Is customer service a thing of the past?

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Have you recently been to a fast-food restaurant with a self-ordering kiosk? Interestingly enough, some individuals consider it a convenience, while others think that this new piece of technology takes jobs away from others.  

(Forbes/Website)

The McDonald’s kiosk is a touch-enabled device that will allow the customer to order a meal of their choice by using the on-screen menus. After the customer places and pays for their order at the kiosk, they receive a receipt with a numbered order and wait for their order to be served. Some adults and children may think it is cool or trendy to order on a kiosk, however, there are both positive and negative factors. 

The benefits

Some of the positive factors are that the customer can avoid big line-ups if they understand how to use the self-ordering checkout. Another is that the customer can select an item on the list and order it without any chance of error that may occur if they use the traditional counter service. Some may also think this is great if there is a new employee in training, as some may get the perception that new employees are more likely to make mistakes.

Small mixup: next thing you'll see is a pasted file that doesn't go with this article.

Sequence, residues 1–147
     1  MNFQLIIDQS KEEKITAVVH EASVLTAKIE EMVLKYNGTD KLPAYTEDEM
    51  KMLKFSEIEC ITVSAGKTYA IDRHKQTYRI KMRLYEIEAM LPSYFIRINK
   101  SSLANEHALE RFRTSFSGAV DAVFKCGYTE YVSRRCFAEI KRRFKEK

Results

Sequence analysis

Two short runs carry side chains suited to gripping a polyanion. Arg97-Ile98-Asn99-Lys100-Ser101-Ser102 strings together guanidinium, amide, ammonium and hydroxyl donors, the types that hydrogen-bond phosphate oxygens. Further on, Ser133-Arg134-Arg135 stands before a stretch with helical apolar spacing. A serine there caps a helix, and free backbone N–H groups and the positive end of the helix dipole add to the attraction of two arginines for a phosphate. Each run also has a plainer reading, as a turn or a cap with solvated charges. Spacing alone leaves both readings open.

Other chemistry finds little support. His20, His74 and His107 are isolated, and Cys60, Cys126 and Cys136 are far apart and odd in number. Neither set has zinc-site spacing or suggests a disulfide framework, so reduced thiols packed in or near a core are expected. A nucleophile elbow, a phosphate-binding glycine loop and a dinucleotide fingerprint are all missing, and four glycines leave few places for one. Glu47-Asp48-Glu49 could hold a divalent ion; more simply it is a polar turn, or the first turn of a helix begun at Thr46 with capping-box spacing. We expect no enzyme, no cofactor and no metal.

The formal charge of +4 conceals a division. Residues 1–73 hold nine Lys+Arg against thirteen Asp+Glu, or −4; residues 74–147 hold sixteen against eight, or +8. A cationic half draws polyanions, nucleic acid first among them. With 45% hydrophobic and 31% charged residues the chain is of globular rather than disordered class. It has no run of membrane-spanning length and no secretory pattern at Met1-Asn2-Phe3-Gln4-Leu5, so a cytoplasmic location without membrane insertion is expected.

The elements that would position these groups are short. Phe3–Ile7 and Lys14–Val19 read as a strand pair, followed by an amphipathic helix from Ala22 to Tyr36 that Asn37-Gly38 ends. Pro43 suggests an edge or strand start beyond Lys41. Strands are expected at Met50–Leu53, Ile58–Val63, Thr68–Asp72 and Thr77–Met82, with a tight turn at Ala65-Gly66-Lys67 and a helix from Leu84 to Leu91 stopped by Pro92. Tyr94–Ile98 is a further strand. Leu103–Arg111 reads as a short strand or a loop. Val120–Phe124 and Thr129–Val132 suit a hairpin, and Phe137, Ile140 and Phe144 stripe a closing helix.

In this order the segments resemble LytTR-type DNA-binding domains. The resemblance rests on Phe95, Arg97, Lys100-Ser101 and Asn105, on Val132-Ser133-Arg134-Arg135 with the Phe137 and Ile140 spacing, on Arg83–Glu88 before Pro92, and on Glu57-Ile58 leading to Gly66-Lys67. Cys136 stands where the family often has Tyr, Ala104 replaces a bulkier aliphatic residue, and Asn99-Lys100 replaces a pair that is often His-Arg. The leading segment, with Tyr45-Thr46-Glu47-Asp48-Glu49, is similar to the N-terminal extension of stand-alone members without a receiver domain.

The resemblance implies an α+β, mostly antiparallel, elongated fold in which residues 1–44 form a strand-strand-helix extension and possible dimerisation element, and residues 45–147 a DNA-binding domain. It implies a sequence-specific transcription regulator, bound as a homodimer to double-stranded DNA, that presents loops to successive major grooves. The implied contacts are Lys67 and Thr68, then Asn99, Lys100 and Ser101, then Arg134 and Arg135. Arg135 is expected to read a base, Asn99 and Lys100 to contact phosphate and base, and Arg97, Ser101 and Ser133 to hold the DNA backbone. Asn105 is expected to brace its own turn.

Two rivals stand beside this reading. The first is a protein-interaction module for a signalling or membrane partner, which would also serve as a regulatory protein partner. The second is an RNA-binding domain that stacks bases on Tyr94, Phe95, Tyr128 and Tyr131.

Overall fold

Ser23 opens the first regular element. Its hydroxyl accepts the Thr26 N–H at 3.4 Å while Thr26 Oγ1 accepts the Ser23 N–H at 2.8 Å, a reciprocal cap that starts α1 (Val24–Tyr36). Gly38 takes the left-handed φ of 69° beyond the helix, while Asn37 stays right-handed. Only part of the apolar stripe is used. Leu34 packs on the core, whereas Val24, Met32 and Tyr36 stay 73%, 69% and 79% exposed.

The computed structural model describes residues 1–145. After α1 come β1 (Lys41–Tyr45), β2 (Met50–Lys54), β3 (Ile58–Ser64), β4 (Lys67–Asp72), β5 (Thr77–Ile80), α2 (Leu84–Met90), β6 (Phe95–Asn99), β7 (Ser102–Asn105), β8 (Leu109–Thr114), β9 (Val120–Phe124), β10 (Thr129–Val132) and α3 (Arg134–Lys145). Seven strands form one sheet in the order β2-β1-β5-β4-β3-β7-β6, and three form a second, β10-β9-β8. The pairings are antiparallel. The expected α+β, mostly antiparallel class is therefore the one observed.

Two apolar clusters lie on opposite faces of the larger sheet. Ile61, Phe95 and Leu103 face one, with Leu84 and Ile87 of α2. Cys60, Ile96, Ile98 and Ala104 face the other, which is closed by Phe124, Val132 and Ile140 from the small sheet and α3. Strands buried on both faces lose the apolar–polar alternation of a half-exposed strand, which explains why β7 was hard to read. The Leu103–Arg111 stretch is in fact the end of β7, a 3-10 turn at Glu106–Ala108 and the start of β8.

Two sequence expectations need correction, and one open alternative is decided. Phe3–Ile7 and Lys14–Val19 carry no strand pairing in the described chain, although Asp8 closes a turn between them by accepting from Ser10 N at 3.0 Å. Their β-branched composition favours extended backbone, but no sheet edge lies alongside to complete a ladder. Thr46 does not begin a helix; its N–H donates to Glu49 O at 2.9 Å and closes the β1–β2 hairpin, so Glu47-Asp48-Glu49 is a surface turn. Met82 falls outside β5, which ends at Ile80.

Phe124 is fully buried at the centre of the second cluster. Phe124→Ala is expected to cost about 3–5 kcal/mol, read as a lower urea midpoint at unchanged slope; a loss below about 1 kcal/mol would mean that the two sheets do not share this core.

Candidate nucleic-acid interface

The disadvantages

However, self-ordering negatively impacts frontline workers who are most likely making minimum wage. As well, frontline workers are able to know their customers by offering suggestions and answering customer questions, whereas the self-service kiosk is unable to interact socially with the customer. Frontline workers may even suggest new items on the menu to try out or offer cheaper deals than the self-order kiosk. If an order is incorrect, the frontline workers can go to the manager for assistance and the manager may offer a free incentive to the customer.  

Technology is advancing at a rapid pace; however, we ultimately choose between the traditional method (frontline workers) or the self-order kiosk. The self-order kiosk takes away our human interaction, such as waiting in a line or communicating with frontline workers. This next generation of children needs to learn to interact by communicating with frontline workers instead of one-on-one interactions with a screen. Self-order kiosks may also offer convenience, but it takes away jobs.  

What will you choose?

Next time you visit a fast-food restaurant, you should give some thought to your method of ordering. Will you place an order with a frontline worker or use a self-order kiosk?